5. In the pop-up that comes up, scroll down the Power Saver [Active] list and find the USB settings. Expand the menu and change the USB selective suspend setting to disabled.
6. Click the apply button and hit okay. Exit out of the menus and retry connecting your external hard drive.
Another power saving feature that many Windows 11/10/8/7 computers have is allowing the computer to turn off mass storage devices. To disable this feature, use the following steps.
1. Either search up Device Manager in your computer search or head to the control panel and find it under Hardware and Sound - Devices and Printers - Device Manager. Click into the device manager.
2. Scroll down the list until you get to the Universal Serial Bus Controller. Expand the menu and find USB Mass Storage. Right Click USB Mass Storage and hit properties.
3. In the property’s menu, find the Power Management Tab and click on it. Turn off the box that allows the computer to turn off the USB port to save power. Make sure to hit okay before exiting out.
If you have tried the above steps and nothing has worked, consider turning off USB legacy support in your BIOS settings. This works for computers that are running both USB 2.0 and USB 3.0 ports. To do this, you will need to head to the Device Manager via the Control Panel.
1. Search up Device Manager in your computer search or head to the control panel and find it under Hardware and Sound - Devices and Printers - Device Manager. Click into the device manager.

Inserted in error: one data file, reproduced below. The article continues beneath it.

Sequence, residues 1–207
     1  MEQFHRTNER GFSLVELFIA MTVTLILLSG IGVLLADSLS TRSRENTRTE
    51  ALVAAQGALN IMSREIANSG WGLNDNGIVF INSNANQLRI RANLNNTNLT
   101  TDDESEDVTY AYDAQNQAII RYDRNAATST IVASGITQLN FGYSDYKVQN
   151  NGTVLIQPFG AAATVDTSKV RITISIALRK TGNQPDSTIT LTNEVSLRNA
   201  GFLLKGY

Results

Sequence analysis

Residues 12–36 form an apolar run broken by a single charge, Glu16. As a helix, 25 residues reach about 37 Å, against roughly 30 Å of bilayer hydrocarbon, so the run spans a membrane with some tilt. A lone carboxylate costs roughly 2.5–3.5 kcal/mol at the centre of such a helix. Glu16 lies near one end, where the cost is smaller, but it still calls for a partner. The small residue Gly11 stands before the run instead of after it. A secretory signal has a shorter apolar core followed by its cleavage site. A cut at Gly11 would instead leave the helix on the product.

2. In the device manager list, find the Disk Drives menu and expand it. Locate your external hard drive in this list and double click it to open it or right-click it and tap on properties.
3. In the properties menu, click on the Policies tab at the top and under the “removal policy” check the Better Performance option.
4. Under the “Write-caching policy” make sure to check the “enable write caching on the device” and hit the okay button.
One of the issues that comes alongside the disconnect and reconnect error is data loss. When you are trying to transfer files from your computer to your external hard drive or vice versa, any interruption in the transfer process can lead to damaged files that become corrupt and inaccessible. If this has happened to you, you will want to retrieve the data from your external hard drive with a data recovery program. iMyFone’s AnyRecover is the best way to retrieve lost data from any external hard drive, as it supports over 1,000 different file types and has a 98% recoverability rate.
Features of iMyFone AnyRecover:
Step 1. Download and install AnyRecover, you can select a disk under the “Hard Disk Drives” tab.
Step 2. Click on “Start” button to begin scanning process. It will take some miniutes for scanning.
Step 3. After scanning, you will see all files listed out in respective file types and folders. Just preview lost files with double clicking. Choose the wanted data and click “Recover” button to restore them.
Save these recovered files to a separate hard drive.
By Simon Marcus , to Hard Drive Recovery
Updated: Jul 21, 2021